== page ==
US to release oil from reserves with Japan, China, and more
WASHINGTON (Kyodo) – The United States will release 50 million barrels of oil from its emergency reserves in coordination with other major energy-consuming countries such as Japan and China to deal with rising prices , the White House announced on Tuesday.
Japan plans to use excess state-owned stocks, which would be the first exploitation of oil reserves in an attempt to drive down prices by the resource-poor country.
The US announcement follows weeks of consultations with countries around the world, the White House said, as soaring prices for gasoline and other petroleum products hit households and businesses already grappling with the impact of the coronavirus pandemic. India, South Korea and Britain are also among the countries taking action.
“This is the first time that we have done something like this in parallel with other major energy consuming countries,” said a senior US administration official under President Joe Biden.
The increase in gas prices has occurred in part because the global supply of oil has not kept pace with global demand for oil as the economy has recovered from the coronavirus pandemic while countries and companies were holding back from supplying oil, another official said.
Of the 50 million barrels of oil that the United States will make available to its strategic oil reserve, 32 million barrels will be loaned to oil companies and 18 million barrels will be supplied through an oil sale that Congress previously had. authorized.
The Strategic Petroleum Reserve is the world’s largest reserve of emergency crude oil with more than 600 million barrels of oil, according to the US government.
“The president is ready to take further action, if necessary, and is ready to use his full authority in coordination with the rest of the world to maintain an adequate supply as we emerge from the pandemic,” the White House said.
As for Japan, the amount of oil that will be initially released should be equivalent to several days of consumption, according to a government official.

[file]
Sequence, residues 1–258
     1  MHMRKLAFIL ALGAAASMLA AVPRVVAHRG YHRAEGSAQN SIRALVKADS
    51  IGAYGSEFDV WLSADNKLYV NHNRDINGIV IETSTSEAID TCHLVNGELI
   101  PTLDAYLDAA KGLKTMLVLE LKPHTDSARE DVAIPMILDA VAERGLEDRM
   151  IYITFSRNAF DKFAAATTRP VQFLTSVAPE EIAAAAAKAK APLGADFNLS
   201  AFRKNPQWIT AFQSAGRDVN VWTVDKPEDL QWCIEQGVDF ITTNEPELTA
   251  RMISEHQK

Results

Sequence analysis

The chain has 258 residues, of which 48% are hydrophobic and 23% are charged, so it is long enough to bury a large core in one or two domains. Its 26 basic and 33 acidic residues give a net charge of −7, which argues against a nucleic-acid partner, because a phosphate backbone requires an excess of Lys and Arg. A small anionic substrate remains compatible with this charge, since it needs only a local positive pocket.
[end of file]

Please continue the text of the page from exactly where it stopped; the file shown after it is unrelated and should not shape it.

In Japan, past decisions to mine reserves have been made in response to supply issues following natural disasters and political unrest abroad. The country has posted five times so far, most notably in the aftermath of the Gulf War and the March 2011 earthquake and tsunami in northeastern Japan.
While the Japanese government has been reluctant to dip into its stocks because it could deplete reserves set aside for natural disasters, a senior industry ministry official said earlier that it was “not an option” to refuse the American request.
Japan, which depends on oil-producing countries in the Middle East for about 90% of its consumption, began to hold onto crude oil reserves in the 1970s.
Japan has three different types of oil stocks: state reserves held by companies and those stored with oil-producing countries.
As a member of the International Energy Agency, the Japanese government is obliged to maintain oil reserves equal to 90 days of net imports from the previous year, while the amount of emergency private stocks is expected be greater than 70 days of its previous year’s oil consumption. year.
At the end of September, Japan had reserves for 242 days of domestic consumption, of which 145 days belonged to the state and 90 days to the private sector, with the remaining volume being stored jointly with oil-producing countries, according to the latest government data released this week. this month.
Markets had reacted to speculation that the United States and other countries would release oil from their reserves, pushing energy prices lower recently.